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February date for spot trade in farm crops

Calcutta, Jan. 15: The country’s first bourse for spot trading in agriculture commodities may be up and running in Rajasthan from the middle of February. This is the time when farmers in the state start harvesting their rabi crops.

“We are at a fairly advanced stage of setting up the spot exchange in Bikaner before the beginning of the rabi harvests,” said Anjani Sinha, managing director and chief executive officer of National Spot Exchange Ltd, which has the license for spot exchanges in the state. “It will begin with trading in wheat, gram and guar seed. Other agriculture commodities will be added to the list subsequently,” Sinha said.

National Spot Exchange, a joint venture between Financial Technologies India, Multi Commodity Exchange and National Agricultural Cooperative Marketing Federation of India, will also soon roll out in Kerala, Gujarat, Maharashtra and Bengal.

The plan is to have a single, nation-wide electronic trading platform that will do away with intermediaries and offer farmers a better price.

A vibrant spot market nationwide will also help in price discovery in the futures markets.

Farmers in most states cannot sell their produce beyond a certain area. Under the existing state agriculture produce marketing committee (APMC) act, a state is divided into several market areas managed by the agricultural produce marketing committee (APMC).

Farmers of one area can sell only to APMC license holders in the APMC mandis (wholesale market) in their region.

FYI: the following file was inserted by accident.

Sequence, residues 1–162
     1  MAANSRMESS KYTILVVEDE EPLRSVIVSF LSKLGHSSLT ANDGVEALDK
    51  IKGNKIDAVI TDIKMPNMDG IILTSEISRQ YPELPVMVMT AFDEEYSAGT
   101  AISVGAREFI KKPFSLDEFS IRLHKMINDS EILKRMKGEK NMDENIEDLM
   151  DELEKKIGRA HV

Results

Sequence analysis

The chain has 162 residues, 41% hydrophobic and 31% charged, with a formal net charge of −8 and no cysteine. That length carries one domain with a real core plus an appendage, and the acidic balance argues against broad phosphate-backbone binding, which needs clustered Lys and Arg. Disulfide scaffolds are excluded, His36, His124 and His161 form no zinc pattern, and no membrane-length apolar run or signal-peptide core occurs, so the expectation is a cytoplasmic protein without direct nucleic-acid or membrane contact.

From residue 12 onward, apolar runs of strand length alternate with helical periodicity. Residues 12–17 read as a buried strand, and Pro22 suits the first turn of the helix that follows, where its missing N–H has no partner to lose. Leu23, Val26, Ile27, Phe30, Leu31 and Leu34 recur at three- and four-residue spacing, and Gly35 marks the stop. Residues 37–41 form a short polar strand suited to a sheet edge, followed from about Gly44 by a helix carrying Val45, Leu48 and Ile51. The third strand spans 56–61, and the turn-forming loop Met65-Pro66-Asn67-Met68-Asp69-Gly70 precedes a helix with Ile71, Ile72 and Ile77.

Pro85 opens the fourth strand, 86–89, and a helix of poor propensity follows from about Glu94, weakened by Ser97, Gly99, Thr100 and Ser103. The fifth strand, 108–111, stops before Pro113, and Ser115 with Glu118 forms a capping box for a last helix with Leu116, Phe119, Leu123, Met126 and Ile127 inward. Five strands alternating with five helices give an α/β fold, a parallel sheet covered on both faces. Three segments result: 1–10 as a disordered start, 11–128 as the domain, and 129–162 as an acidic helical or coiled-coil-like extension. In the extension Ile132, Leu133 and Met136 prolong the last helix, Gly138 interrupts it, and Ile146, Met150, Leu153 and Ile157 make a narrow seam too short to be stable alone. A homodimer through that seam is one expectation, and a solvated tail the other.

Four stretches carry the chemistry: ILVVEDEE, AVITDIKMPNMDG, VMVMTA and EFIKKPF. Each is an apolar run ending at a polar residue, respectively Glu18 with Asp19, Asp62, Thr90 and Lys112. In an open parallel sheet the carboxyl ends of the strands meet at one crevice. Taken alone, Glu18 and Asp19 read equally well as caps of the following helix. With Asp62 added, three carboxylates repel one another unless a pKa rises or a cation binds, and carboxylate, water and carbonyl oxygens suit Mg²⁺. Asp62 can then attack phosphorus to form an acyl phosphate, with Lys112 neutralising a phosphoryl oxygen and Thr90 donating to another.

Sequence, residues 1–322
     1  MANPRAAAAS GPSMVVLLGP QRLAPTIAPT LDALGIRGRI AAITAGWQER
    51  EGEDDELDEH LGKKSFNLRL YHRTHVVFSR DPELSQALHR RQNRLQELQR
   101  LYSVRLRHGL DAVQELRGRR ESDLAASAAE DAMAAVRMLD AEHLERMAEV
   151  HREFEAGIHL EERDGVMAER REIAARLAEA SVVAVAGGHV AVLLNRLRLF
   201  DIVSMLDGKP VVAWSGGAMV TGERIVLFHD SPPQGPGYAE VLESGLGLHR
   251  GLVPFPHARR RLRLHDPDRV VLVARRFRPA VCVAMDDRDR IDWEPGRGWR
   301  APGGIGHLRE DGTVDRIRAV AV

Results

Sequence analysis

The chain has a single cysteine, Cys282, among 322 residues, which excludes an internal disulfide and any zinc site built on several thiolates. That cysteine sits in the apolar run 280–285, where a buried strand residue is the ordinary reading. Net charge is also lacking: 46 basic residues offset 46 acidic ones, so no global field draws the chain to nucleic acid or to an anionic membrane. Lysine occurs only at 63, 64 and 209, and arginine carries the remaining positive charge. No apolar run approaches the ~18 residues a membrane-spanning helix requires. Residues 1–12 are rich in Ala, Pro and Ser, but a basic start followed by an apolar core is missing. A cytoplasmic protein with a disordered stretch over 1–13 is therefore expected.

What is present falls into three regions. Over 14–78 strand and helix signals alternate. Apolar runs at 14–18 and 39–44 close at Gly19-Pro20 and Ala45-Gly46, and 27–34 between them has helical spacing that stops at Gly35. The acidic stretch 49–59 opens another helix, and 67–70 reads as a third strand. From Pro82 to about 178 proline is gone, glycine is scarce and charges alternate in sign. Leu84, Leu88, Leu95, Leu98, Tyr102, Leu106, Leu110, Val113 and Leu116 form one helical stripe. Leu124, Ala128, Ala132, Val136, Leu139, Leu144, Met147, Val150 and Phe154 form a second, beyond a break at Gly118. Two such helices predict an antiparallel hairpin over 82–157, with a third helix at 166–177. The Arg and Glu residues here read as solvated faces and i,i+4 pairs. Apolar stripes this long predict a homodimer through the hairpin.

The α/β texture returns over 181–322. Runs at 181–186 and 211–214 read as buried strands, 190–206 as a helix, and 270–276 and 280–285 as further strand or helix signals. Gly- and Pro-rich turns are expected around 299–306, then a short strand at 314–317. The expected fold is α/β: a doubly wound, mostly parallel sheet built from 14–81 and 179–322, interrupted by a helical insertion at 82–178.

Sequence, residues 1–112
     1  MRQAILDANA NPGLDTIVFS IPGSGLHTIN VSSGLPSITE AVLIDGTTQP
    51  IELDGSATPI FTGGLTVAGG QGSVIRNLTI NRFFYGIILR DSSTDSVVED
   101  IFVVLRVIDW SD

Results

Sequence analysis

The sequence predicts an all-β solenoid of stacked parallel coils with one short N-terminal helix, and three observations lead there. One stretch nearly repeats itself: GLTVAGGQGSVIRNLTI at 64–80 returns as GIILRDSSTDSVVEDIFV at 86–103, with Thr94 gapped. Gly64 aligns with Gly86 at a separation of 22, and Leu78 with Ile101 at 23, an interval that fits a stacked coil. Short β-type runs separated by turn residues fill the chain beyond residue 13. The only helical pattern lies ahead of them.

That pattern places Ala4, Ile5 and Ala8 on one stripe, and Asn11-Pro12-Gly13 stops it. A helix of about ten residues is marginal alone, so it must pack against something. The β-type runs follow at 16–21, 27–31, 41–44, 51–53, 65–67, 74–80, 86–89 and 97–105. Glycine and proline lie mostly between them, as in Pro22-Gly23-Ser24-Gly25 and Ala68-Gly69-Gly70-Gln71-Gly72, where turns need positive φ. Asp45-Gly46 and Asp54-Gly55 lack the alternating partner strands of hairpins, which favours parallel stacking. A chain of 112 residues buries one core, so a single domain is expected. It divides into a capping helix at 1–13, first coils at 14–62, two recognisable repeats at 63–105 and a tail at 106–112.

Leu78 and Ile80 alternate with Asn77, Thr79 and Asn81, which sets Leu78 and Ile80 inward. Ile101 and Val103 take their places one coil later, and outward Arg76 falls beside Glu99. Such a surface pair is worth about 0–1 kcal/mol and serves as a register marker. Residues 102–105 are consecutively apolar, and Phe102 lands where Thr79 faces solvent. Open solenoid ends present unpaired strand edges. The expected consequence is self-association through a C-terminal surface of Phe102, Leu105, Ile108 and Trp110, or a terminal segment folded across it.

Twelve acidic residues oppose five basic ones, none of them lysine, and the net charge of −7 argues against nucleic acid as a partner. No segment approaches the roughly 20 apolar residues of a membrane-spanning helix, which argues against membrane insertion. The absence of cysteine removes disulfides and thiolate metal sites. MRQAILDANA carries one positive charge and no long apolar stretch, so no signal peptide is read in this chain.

The APMC licence holders pay a mandi tax to the respective APMC. Once the tax is paid, the license holder can sell to anyone.

“This practice has entailed a lot of price and market imperfections in agricultural commodities in the form of intermediaries. Farmers do not get a good price for their produce and end users pay more than what they would have paid otherwise,” Sinha said.

The Centre has a model APMC Act to end the state monopoly in agricultural marketing and pave the way for a common national market for agricultural commodities for spot trading. Only 14 states, such as Rajasthan, Maharashtra, Gujarat, Madhya Pradesh and Kerala, have adopted the model APMC by amending their agricultural marketing rules.

“Though Bengal has not yet adopted the model APMC code, the state chief minister has evinced keen interest to set up spot exchanges here,” said Jignesh Shah, the founder-promoter of Financial Technologies India Ltd, who promoted the Multi Commodity Exchange in 2003. “The process of rolling out spot exchanges in Bengal, Kerala, Maharashtra, Rajasthan and Gujarat will be completed by February 15,” he added.

“We also have framed a strategy for rolling out spot exchanges in states where the State APMC Act is still in force,” said Sinha.

According to Sinha, National Bulk Handling Corporation, another FTIL subsidiary, will set up warehouses in different locations.

A representative of a local MCX/National Spot Exchange member broker, who also holds an APMC license, will be at each warehouse.

The member broker as an APMC license holder will buy the produce from local farmers and pay the mandi tax.

The farmer can sell the produce at the current market price being displayed on an electronic board. “However, the farmer’s sale price will be reduced by the amount of mandi tax, brokerage charges and an interest component,” explained Sinha.

Since the trading is done electronically, the brokerage will be very small similar to that in the stock markets, Sinha said. There will be an interest component because the member broker will have to pay the farmer in cash on the spot while the broker will get the payment through the exchange after two days of the sale (through the exchange).

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